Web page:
Category Archives


A Brief History of The Big Apple

In which we cov­er mil­len­nia in the blink of the apple of your eye…

We Always Knew We Were Just Passing Through

My friend Dan lived in a meat locker…

A Walk through Teju Cole’s OPEN CITY

And so when I began to go on evening walks last fall…”

Sung Muhheakunnuk

New York Journals 1982 – 2012

For a month I worked demo­li­tion for Kar­ma Con­struc­tion Company…

The Kung Fu Wizard of Oz Speaks in Korean

The Strange Pleasure of the Obscure Joke

One of the clichés about humor is…

I Don’t Think We’re in New Hampshire Anymore!”

We all have mem­o­ries of Oz…

Why Don’t You Go to Her?

It was in 1866, when the grasshop­pers invad­ed town…

Eye, Eye, Eye!

Revealed at last, the unau­tho­rized his­to­ry of THE REVELATOR

Frans Masereel’s Picture Books against War

Should every­thing per­ish, all the books, the pho­tographs and the doc­u­ments, and we were left only with the wood­cuts Masereel has cre­at­ed, through them alone we could recon­struct our con­tem­po­rary world.” — Ste­fan Zweig When asked about the Bel­gium artist Frans Masereel, the two thoughts that imme­di­ate­ly come to mind are wood­cuts and war.  I do not know an artist who was so wed­ded to the wood­cut in express­ing his loathing of war. Although this theme pre­vailed in many of his books, an exam­i­na­tion of his wood­cuts in Debout Les morts (Arise Ye Dead, 1917) as reprint­ed in this issue of THE REVELATOR, pro­vides a vital con­nec­tion to his sub­se­quent anti-war books; and there were many, as we will dis­cov­er. Masereel was born in 1889 in an upper-mid­­dle class fam­i­ly from Blanken­berghe, Bel­gium.  He showed inter­est in draw­ing and remem­bered a dis­like of war from an ear­ly age: I can still remem­ber the Boer War, which made a great … Con­tin­ue read­ing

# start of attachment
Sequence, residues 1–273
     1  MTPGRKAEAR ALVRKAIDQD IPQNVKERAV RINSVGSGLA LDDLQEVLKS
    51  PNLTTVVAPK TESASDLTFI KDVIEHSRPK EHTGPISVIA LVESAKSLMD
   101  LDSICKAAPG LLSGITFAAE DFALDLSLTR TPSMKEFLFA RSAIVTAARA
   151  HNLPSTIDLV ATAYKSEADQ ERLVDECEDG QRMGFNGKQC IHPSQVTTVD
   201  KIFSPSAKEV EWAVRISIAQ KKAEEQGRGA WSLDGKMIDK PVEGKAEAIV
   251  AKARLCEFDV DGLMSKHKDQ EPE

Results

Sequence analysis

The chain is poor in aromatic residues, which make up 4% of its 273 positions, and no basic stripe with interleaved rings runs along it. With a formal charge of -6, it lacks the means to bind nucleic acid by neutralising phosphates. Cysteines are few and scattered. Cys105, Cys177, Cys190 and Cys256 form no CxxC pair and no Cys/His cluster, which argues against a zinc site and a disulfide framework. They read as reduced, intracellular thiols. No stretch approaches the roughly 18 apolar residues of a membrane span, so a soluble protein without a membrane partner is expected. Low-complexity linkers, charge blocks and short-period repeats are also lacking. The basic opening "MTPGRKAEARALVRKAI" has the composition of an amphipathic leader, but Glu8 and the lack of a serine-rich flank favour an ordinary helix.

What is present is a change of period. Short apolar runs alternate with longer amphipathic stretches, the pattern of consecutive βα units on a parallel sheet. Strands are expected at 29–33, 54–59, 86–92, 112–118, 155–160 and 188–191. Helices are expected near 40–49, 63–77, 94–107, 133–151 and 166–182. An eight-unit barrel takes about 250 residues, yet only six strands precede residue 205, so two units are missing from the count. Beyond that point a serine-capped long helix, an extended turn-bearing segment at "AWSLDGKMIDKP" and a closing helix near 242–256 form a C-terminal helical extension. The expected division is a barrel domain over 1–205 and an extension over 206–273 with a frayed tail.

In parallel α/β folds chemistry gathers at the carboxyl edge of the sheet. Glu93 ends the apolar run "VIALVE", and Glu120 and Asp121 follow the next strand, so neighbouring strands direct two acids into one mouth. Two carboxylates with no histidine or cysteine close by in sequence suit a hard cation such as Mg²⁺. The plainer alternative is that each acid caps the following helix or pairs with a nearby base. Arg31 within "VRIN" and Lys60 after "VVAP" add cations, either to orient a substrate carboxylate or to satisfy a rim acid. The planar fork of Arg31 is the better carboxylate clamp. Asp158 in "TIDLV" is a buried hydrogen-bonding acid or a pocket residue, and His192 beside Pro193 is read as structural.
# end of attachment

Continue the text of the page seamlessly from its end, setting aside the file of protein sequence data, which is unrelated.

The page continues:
Dreams of Order, Visions of Chaos

An SF Childhood in Kenya

I met the astro­naut in 1989 at the for­mer U.S. Embassy in down­town Nairobi…